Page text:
Business expansion will increase fixed assets. Such additional costs become significant when facilities expansion is needed for the revenue growth. Business valuation should then include the use of capacity utilization metrics meant for facilities, distribution and other related aspects of the business to evaluate the needed amount of additional expenses.

  • Changing working capital requirement

When revenue increases, it is common that the accounts receivable, inventories and other existing assets will follow suit. Higher accounts payable, accruals and deferred revenue will then partially offset these impending increments.

However, a revenue growth also brings about an increase in the working capital requirement, which reduces the cash flow and subsequently the derived business value. Hence it is vital to know the extent of the working capital requirement to avoid unnecessary errors.

This can be done as accurately as possible using metrics like taking day sales outstanding, inventory turnover and net working capital as a percentage of revenues.

2) Sole Reliance on the Multiple of EBITDA Methodology

Very often business valuations are carried out using the Earnings Before Interest, Taxes, Depreciation and Amortization (EBITDA) method, where the value of a business is derived from the multiple of EBITDA.

However, the EBITDA method tends to lump the key drivers of business value (like the capital expenditure requirement, income tax or the working capital for business growth) into one valuation multiple instead of considering them individually – and this becomes problematic later on.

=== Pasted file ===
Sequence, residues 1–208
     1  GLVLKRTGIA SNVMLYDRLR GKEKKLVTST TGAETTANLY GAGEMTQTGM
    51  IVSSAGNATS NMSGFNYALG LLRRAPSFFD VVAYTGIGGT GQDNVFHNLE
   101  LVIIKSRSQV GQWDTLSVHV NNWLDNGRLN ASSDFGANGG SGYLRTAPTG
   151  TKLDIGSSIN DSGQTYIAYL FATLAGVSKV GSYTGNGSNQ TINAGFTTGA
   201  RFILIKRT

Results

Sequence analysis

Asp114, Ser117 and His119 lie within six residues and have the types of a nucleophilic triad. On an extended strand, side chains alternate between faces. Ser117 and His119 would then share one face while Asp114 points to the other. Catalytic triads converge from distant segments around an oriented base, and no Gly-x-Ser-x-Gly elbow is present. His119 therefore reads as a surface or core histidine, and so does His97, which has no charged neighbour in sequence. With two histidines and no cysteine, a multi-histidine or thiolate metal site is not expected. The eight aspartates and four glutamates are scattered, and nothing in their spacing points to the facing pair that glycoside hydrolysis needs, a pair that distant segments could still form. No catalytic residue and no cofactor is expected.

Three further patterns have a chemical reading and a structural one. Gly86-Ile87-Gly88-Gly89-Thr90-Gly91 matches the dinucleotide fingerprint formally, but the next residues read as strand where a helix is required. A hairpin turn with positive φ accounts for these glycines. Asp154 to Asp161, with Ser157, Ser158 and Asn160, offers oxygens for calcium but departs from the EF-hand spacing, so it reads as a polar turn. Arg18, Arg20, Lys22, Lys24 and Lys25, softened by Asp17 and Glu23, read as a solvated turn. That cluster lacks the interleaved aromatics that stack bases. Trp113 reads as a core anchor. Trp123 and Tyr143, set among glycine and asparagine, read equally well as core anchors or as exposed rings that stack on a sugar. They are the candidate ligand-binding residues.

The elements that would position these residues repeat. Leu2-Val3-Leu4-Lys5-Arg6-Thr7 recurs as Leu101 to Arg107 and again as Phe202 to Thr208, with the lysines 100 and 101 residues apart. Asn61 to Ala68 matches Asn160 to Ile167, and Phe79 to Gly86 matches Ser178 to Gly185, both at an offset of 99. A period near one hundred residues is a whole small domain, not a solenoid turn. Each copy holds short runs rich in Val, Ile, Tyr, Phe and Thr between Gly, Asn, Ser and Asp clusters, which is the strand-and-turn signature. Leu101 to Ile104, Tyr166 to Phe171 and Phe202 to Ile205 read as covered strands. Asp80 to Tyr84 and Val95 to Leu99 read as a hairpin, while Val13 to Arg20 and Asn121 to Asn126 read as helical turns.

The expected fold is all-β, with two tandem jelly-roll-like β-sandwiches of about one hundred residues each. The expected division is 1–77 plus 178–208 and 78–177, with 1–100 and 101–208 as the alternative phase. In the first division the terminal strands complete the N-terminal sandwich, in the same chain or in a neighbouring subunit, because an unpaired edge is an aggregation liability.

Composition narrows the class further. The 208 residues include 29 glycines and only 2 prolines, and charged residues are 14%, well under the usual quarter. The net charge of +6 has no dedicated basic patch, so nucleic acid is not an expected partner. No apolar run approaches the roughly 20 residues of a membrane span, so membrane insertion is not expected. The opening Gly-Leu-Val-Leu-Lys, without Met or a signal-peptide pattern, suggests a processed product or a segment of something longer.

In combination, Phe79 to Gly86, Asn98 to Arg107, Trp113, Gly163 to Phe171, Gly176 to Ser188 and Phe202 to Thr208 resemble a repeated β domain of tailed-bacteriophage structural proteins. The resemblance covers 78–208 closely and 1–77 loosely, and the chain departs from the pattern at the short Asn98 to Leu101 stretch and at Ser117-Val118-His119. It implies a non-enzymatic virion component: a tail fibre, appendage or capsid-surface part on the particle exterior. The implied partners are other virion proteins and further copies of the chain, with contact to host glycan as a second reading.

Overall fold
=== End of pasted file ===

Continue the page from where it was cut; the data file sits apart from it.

Hence business valuations should not depend only on the result of the EBITDA method, but consider it as a preliminary indication of the business value, or use it to test the results of other valuation methods for consistency and validity.

3) Misconceptions in Comparable Company Multiples

Business valuations normally take reference from the multiples of comparable businesses to tackle the impact of the changing industry and economic conditions, and keep their results relevant and reliable.

Caution Must Be Exercised When Using Data Of Companies and Recent Transactions For Referencing Comparable Company Multiples:

  • Although publicly listed shares are small lots of high liquid securities with known prices, their liquidity and price discovery are not considered for the en bloc valuation. This presents a difference between valuing a public business en bloc and by the trading prices of its shares, which is then considered in its valuation multiple.
  • Compared to private businesses, public ones are normally larger and more diverse. Hence public businesses are less of a target for open market transactions or notional valuation.